Why We Must Disaggregate Labor Market Data

Asian American and Pacific Islander Women’s Equal Pay Day is a reminder of the importance of quality data

Last month our nation grappled with the horror of another mass shooting, this time targeting Asian women.

About a week before the killings in Atlanta, we marked Asian American and Pacific Islander Women’s Equal Pay Day (March 9), that is, the day when these women reach the wages White men made in the prior calendar year.

In the labor market, Asian American and Pacific Islander women are crowded on both ends of the pay spectrum — as beauticians and service workers on one end (like the Atlanta shooting victims) and in medicine and tech fields on the other end. In Seattle, for example, which is one of five metro regions where we recently reported on workforce racial inequities, Asian or Pacific Islander immigrants are most overrepresented among high-wage computer and mathematical jobs (27% of the workforce) as well as low-wage personal care and service jobs (17%), and production jobs (17%).

Beyond that general occupational picture, however, the data around Asian and Pacific Islander women’s employment is incomplete. The Bureau of Labor Statistics numbers for this population aren’t seasonally adjusted, because the sample size is too small. The data for Native Hawaiian or other Pacific Islander women is only available on an annual basis, rather than monthly, as it is for other demographic groups. The disparities in available data make it hard to see the full picture.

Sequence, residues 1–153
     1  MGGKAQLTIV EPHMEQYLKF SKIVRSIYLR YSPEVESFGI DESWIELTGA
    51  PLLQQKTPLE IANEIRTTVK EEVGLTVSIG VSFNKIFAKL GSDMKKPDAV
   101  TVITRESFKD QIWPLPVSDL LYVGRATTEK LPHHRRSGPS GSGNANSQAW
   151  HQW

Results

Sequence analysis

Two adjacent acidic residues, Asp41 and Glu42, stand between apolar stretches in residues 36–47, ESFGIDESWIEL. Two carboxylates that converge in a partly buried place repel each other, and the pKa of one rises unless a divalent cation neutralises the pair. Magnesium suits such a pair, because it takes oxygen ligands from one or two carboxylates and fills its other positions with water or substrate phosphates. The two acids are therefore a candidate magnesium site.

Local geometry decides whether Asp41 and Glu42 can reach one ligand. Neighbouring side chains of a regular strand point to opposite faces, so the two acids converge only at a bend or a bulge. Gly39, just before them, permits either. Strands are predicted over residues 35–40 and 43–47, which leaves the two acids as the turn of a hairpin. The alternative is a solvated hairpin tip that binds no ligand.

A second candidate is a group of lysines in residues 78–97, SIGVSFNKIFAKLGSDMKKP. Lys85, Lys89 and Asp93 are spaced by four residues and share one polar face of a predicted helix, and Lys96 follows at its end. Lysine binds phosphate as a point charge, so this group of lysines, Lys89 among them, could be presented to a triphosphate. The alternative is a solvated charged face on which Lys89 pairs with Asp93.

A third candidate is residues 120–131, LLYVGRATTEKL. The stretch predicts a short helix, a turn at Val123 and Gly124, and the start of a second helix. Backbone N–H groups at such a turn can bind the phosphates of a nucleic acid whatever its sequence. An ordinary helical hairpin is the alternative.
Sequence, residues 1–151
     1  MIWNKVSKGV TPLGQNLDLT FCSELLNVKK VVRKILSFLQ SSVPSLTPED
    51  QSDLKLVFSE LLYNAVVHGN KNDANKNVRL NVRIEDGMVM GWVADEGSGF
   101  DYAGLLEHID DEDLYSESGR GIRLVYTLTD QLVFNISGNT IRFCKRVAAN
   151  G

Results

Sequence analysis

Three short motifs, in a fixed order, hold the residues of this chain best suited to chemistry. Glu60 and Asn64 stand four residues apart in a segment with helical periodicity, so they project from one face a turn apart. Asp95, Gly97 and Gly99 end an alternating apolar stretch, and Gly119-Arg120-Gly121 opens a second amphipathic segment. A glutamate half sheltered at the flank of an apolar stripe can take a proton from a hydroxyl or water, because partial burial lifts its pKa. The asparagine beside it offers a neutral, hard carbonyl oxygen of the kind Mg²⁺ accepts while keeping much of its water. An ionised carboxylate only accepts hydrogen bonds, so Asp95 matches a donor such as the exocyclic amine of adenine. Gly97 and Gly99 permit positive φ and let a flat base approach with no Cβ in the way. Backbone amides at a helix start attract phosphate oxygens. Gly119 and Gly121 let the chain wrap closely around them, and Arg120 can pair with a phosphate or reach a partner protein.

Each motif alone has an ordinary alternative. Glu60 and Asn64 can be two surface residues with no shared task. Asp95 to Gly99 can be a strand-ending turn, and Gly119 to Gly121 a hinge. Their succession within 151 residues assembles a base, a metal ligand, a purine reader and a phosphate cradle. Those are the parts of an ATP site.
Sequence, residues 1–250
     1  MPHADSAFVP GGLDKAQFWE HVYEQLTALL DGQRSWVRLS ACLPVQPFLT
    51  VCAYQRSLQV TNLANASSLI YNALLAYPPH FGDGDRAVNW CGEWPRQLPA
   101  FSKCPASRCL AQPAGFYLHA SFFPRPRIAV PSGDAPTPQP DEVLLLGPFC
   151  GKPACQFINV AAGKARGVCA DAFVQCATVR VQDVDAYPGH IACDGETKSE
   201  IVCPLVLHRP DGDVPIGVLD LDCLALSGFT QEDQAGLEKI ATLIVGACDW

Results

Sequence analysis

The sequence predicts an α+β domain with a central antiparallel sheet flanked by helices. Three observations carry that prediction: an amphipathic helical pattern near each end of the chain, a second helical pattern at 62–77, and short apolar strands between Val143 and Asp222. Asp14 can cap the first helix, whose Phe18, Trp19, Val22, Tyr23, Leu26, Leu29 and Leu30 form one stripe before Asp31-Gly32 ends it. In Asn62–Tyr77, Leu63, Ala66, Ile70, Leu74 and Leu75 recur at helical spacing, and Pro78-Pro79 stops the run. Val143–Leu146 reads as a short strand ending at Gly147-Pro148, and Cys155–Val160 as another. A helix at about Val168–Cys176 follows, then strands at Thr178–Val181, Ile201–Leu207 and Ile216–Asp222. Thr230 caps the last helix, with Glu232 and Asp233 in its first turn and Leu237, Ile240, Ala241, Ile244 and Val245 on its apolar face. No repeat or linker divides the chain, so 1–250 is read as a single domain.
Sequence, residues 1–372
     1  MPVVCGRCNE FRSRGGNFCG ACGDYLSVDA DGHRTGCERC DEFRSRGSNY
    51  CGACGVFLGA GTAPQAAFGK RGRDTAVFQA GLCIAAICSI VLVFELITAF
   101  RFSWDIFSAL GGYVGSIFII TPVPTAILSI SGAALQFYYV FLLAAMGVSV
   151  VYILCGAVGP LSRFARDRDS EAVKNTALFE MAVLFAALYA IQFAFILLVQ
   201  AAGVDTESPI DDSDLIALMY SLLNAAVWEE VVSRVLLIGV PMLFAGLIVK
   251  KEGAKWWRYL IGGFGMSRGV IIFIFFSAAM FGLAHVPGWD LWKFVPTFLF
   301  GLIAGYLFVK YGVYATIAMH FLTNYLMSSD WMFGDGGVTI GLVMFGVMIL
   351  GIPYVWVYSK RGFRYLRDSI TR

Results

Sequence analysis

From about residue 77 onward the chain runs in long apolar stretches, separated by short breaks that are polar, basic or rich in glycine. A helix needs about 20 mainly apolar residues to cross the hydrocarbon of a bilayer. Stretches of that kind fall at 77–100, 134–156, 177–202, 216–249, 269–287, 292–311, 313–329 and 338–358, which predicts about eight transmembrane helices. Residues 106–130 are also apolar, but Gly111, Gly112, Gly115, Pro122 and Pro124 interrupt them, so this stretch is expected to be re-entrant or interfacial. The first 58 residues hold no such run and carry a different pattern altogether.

What we do know is that Asian American women have some of the highest rates of long-term unemployment (six months or more).

About 6% of all Asian or Pacific Islander workers in the Seattle region are considered working poor, but nearly three times as many Pacific Islanders and people of Cambodian ancestry are working poor (economically insecure, despite working full time).

This is why deeply disaggregated data is so important. We can’t identify strategies and solutions to labor market inequities if we don’t fully understand the problems. As we advance workforce equity, we need to see the full picture, including all of its complexity.

Amanda Cage

-- President and CEO, National Fund for Workforce Solutions